STUART, Fla. -- Tuesday was World Autism Awareness Day with a goal to increase understanding and acceptance.
Matt Gazell works in aftercare at the Hope Center For Autism in Stuart. "I help kids make good and safe choices such as learning to play the game, helping them share and use their inside voice."
His mentor says Matt is on the autism spectrum and recently graduated with a two year college degree. She's proud of his accomplishments. A few months ago she gave him a job.
"I've known him since he was young and one of our goals is to make sure we have support for people with autism of all ages. So adults are very important to me, i think there is a big need to continue providing the support and they are teaching us just as much as we are teaching them," said Hope Center for Autism Executive Director Joanne Sweazey.
During the day, the staff teaches pre-schoolers up to 6th grade. The charter school also has socialization times for middle school students and adults. They are helping the young ones to grow up and be more independent like Matt.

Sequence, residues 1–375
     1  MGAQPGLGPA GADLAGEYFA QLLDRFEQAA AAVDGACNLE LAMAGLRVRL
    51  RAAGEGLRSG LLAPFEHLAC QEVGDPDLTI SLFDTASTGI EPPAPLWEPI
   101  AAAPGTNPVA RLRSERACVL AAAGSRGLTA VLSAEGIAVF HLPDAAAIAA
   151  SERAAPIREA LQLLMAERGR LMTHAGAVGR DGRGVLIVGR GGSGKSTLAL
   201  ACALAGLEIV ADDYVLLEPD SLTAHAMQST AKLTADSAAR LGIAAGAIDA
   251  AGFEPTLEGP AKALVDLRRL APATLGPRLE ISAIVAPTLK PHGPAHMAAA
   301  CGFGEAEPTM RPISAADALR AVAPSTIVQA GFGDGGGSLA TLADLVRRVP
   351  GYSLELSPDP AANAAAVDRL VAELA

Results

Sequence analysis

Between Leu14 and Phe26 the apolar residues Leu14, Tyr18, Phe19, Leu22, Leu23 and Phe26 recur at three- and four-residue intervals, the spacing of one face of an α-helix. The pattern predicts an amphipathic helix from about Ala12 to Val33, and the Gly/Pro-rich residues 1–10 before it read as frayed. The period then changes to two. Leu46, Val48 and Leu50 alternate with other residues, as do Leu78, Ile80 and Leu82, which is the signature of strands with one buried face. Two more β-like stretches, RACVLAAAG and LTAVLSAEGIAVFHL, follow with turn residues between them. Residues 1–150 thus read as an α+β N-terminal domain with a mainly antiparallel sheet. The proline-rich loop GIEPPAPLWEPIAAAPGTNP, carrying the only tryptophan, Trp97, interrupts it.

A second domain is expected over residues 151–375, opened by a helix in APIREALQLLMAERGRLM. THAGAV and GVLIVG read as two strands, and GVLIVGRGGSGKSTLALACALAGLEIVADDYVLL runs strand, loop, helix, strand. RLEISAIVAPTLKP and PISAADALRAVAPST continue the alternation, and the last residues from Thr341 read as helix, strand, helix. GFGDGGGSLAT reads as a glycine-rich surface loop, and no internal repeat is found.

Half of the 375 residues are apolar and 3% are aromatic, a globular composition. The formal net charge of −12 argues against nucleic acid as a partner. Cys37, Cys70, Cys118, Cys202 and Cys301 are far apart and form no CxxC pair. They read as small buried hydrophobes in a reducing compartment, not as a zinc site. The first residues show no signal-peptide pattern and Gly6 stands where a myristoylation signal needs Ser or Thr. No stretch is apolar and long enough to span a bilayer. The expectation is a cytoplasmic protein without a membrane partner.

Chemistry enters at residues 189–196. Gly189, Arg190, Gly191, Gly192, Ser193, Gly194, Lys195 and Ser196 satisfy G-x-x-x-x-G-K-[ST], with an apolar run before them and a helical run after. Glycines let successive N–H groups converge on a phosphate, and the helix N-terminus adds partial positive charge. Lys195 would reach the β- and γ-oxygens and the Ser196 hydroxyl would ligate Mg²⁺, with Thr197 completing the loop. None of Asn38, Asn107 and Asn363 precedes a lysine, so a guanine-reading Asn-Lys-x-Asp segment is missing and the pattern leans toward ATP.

"Maybe ask questions from time to time, if you see things and you are not sure. people with autism are just like anybody else. A lot of times people may think they may not want to be social, but they do," said Sweazey. "I think it's important that the community understands that they want to be successful just as much as everybody else."
Matt is proud that he has a job now. "The best part about having a job is obviously you get paid, minimum wage, it's nice."